Excavate the unit in an orderly fashion beginning with tool layout. All un-necessary tools are stored away from the edge of the unit. Excavation tools being used are neatly lying within easy reach of the excavator(s). When not in use the line level string is curled over the datum nail (assuring it won’t get tripped over). Choose one corner of the unit to begin (roughly ¼ of the unit). Staying just inside the two guidelines begin digging in one corner with a trowel, whiskbroom and dustpan.

“In –situ” or in place exposure is a primary goal for excavators. Generally, if you encounter fist size or large rocks, bones, change in soil, etc. back away, move around it leveling the section as best as possible leaving a couple of centimeters sidewall clean for later. Move to the next section and repeat the same process. Once ½ the unit is excavated, trim the completely exposed sidewall so that it is vertical with the string line. This requires getting out of the unit and looking down at the string and unit, then scraping the wall from the top. Complete the process in the remaining section including all three sidewall trimming.

If there was an item/s encountered and avoided in the level now is the time to explore it. Carefully remove the soil above and around the item/s. Do not remove the soil below the item or items. This will act as a pedestal to support the items within the level. This will allow the level to be totally recorded and the decision to be made to either remove it or work the next level around it. If noticeable soil changes appear within your excavation unit please check with Dr Mendoza or crew chiefs for further consultation on procedure.

Crewmembers of each unit will take turns excavating and screening, making sure you have experience at all tasks. As you dig each unit, dirt will accumulate. Keep loose soil from obscuring your view of the unit floor. This is accomplished by sweeping the soil with a whiskbroom and dustpan. The soil is then placed into a labeled bucket and is ready to be dry screened through the 1/8” and ¼” screen.

Dry Screening

We are using a screen box of about 2’x3’ with extending handles. The screen box pivots on one vertical leg. The screener vigorously shakes the screen back and forth until all the loose soil has gone through the mesh. Sort through what remains in the screen. Throw away current vegetation and rootlets. Keep all materials either identifiable or unknown. These will be washed, sorted, weighed, and recorded the same day.

Excavated dirt is poured in the waist-high shaker screen while it is laying flat on the ground (unless someone volunteers to pour for you). Don’t fill the screen too full. Pour the majority toward the handle end of the screen. After the handle is lifted slightly place one foot behind one leg of the screen then pull back toward you.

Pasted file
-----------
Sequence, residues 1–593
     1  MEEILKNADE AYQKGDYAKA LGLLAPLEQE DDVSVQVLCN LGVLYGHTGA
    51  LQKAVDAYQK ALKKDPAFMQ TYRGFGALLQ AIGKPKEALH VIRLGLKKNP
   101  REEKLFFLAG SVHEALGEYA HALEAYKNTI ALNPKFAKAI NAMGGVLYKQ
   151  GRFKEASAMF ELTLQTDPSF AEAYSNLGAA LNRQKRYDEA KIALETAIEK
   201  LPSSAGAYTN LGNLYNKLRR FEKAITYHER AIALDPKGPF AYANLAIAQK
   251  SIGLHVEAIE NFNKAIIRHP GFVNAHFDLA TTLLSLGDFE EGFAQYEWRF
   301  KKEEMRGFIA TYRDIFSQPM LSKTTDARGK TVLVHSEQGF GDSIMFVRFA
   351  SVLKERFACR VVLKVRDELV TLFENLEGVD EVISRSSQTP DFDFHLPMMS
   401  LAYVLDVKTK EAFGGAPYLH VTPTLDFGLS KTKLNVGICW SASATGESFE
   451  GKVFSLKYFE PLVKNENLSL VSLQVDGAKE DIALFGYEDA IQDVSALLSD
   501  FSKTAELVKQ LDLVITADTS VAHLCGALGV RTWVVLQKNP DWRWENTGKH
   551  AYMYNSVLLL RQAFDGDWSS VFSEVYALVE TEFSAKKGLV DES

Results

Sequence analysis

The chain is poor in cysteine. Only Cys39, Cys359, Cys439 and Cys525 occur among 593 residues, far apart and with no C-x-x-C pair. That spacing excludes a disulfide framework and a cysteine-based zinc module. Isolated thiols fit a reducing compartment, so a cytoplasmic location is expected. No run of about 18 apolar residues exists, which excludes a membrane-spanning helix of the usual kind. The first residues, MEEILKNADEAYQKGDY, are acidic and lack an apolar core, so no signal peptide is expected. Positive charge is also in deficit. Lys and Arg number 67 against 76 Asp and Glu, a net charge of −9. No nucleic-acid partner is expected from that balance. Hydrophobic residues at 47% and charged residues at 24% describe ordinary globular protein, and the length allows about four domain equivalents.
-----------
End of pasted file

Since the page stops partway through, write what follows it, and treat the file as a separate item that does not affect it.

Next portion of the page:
Once all materials are collected, the screener will walk the materials over to the lab area and either proceed with processing or leave them with another group member for processing.



You should take care at all times to avoid striking your unit partner, or partners, with any tools or related equipment that you may be using for the excavation of the unit. Other safety considerations should include the following:

Turn the hoe or shovel’s point-side down at all times when not in use. Keep tools and other materials out of the traffic patterns
Look behind you before swinging a pick or shovel.
Watch out for other people’s hands when working in the tight corners of the unit.
Be as neat as possible with your belongings; don’t disperse them over the work area.

Dangling jewelry can tangle with equipment. Do not wear such jewelry while in the excavation units or screening areas.
We are a team with a common goal, please be as courteous as possible.
Always lift from the knees, and not the back. We will be lifting heavy materials, so please be careful and save your back.

Please keep in mind that we are guests of the Diocese of Monterey and the Carmel Mission and act accordingly. The Mission has an almost constant stream of tourists as well as fourth grade classes who may stop and ask you questions about what we are doing, please be courteous. Also there are times when services are being held at the Mission, including weddings and funerals. Please try and be aware of these things and act respectively.

Adapted from a document prepared by Michelle St. Clair under the supervision of Ruben G. Mendoza, Ph.D., Principal Investigator/Project
Archaeologist, CSUMB, February 14, 2003.